US trade official says ‘major issues’ still unresolved in China talks
They may have left the spotlight of centre stage, but top trade negotiators from China and the United States continue to work furiously on the details of an agreement to resolve the countries’ deep-rooted economic stand-offs and end their prolonged trade war, US Trade Representative Robert Lighthizer told a Senate committee on Tuesday, Trend reports referring to South China Morning Post.
Lighthizer, who is in charge of the US side of the trade talks, said at a Senate Finance Committee hearing on Tuesday that the Trump administration’s hope was that “we are in the final weeks of having an agreement – but I’m not predicting one”.
“There still are major, major issues that have to be resolved,” he added, “and if those issues are not resolved in a way that’s beneficial to the United States, we will not have an agreement”.
Lighthizer said he would hold another telephone negotiation with his Chinese counterparts on Wednesday, after a phone conversation with them lasted two hours on Monday night.
Chinese state media reported that Chinese Vice-Premier Liu He had a telephone conversation with Lighthizer and US Treasury Secretary Steven Mnuchin at 7pm on Monday, discussing some key issues concerning the text of a trade agreement, without elaborating on details.
Lighthizer said at the hearing that he was on the phone “up to 9 o’clock” on Monday night and that the discussion went through many “very, very complicated issues”.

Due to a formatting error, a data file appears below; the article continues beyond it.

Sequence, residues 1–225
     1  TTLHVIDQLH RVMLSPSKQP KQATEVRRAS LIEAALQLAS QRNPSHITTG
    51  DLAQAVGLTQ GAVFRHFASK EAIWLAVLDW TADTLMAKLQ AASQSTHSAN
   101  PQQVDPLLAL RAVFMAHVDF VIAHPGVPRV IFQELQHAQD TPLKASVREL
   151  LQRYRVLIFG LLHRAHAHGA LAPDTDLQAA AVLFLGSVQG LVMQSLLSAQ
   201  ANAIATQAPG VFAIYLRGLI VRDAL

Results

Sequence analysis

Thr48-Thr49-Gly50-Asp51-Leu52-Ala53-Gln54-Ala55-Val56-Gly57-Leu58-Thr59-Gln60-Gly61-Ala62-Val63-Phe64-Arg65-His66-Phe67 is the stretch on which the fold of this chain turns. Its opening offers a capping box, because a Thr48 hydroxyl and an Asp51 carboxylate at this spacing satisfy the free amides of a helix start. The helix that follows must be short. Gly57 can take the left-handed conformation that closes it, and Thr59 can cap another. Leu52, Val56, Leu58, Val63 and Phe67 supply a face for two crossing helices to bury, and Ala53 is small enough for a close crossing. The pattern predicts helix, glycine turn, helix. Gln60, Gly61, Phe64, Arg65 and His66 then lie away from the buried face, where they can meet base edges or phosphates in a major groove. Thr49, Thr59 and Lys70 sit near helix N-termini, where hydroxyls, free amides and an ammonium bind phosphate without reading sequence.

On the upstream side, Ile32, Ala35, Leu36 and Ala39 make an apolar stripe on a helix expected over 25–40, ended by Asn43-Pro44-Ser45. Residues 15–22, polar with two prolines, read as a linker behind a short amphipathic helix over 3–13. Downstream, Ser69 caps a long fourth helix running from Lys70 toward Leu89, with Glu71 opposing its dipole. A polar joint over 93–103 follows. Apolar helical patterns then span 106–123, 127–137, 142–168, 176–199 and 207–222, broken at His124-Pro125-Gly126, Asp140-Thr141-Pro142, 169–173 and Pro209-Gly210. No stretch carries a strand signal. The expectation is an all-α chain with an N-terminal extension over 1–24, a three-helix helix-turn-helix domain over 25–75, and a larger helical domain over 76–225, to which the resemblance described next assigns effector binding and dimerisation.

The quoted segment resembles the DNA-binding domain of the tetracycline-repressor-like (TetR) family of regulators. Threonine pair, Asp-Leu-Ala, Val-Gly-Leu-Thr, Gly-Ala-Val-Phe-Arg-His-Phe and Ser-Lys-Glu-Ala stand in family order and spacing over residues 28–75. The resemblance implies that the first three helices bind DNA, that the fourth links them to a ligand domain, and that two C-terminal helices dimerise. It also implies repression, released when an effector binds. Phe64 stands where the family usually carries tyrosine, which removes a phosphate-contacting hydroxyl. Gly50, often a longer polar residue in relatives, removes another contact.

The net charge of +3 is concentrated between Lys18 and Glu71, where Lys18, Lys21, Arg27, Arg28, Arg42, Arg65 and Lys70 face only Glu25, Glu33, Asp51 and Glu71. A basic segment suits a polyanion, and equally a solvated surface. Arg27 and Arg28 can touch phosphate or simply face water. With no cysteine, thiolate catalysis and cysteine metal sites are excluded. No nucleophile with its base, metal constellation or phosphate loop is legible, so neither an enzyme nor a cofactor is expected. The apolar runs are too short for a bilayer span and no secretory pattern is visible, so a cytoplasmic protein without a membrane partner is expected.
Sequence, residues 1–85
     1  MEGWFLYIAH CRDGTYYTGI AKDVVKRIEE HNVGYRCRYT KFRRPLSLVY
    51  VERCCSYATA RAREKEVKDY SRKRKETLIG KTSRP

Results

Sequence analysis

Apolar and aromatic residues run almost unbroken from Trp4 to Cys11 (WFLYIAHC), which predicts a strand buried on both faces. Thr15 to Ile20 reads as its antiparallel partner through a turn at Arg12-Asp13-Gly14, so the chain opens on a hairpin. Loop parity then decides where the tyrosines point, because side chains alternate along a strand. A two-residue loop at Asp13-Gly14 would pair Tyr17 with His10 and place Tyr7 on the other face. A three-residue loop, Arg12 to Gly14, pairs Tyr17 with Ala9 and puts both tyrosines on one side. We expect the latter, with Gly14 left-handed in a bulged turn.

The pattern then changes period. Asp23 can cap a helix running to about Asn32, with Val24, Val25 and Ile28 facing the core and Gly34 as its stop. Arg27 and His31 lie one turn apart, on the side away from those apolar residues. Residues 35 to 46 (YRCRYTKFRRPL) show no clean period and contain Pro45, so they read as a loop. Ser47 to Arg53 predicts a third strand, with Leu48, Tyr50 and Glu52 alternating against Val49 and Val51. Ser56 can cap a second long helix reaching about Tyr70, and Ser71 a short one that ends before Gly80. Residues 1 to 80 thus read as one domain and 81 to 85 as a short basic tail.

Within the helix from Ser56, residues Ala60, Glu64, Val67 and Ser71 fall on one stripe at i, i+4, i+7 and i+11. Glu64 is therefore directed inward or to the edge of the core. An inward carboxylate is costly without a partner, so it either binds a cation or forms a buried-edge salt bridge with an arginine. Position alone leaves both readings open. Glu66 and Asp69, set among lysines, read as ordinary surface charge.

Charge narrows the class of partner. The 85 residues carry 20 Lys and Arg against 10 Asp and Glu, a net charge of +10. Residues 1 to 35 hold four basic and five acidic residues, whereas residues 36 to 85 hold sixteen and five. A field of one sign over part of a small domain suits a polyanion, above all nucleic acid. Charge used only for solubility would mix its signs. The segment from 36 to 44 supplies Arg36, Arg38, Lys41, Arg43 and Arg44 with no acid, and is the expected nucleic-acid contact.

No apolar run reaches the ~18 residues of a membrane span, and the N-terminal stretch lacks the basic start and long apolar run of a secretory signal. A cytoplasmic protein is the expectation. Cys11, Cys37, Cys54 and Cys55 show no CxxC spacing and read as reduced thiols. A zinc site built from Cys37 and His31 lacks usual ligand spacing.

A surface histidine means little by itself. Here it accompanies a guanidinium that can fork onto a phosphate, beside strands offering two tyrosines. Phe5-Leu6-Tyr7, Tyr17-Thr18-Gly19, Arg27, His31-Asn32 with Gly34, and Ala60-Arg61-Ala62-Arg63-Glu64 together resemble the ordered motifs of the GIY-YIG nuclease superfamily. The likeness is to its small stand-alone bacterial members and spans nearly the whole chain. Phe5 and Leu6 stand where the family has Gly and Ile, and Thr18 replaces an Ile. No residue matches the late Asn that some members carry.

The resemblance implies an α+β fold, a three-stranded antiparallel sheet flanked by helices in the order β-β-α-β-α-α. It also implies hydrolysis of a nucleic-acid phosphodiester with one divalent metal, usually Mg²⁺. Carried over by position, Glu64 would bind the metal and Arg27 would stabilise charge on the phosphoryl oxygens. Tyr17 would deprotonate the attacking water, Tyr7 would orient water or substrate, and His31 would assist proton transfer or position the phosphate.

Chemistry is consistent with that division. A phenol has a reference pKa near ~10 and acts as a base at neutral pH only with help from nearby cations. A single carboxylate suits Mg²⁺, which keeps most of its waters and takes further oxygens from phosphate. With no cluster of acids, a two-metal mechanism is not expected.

“We are working, more or less, continuously. I will be on phone again with them tomorrow,” he said. “If we have an agreement, it would be 110 to 120 pages. It’s very, very detailed and very specific.”
Asked whether a deal could be expected to emerge by the end of the month, Lighthizer said only that “we will see”.
“We are either going to have a good result or we are going to have a bad result before too long, but I’m not setting up a specific time frame – it is not up to me,” he said.
“The president will tell me when the time is up, or the Chinese will.”
As a gesture of goodwill during the negotiations, the US has delayed raising the tariffs levied on US$200 billion of Chinese products from the current 10 per cent to a new level of 25 per cent, a move that had been scheduled to take effect on March 1. There have been hopes that an enforceable deal could address persistent issues including technology transfers, market access, China’s hefty industrial subsidies and its failure to protect intellectual property rights.
Jake Parker, vice-president of China operations at the US-China Business Council, said China had incentives to reach a deal but was also facing domestic pressures for any agreement to “not be viewed as capitulation to the US”.
“We understand that any deal without a clear path for lifting the initial US$50 billion under the Section 301 tariffs was unlikely to be acceptable to the Chinese side,” he told the South China Morning Post.
Parker added that Beijing would regard a rollback of existing tariffs and a balanced enforcement mechanism as important parts of a successful outcome.
“From the business community’s perspective, the US government should avoid any enforcement or monitoring mechanism that risks another unpredictable escalation of tariffs,” Parker said.
Questioned by Senator Ron Wyden, a Democrat from Oregon, about whether the US might lift tariffs on Chinese imports before seeing “hard evidence on the ground that the Chinese are changing”, Lighthizer said he would not comment in public about the precise nature of the negotiations.
Structural issues such as IP protection, forced technology transfer and subsidy issues were being addressed “with precision” in the talks, he said.
“That is not to say that we’ve come to conclusion, because we haven’t,” Lighthizer said. “But we’re making headway.”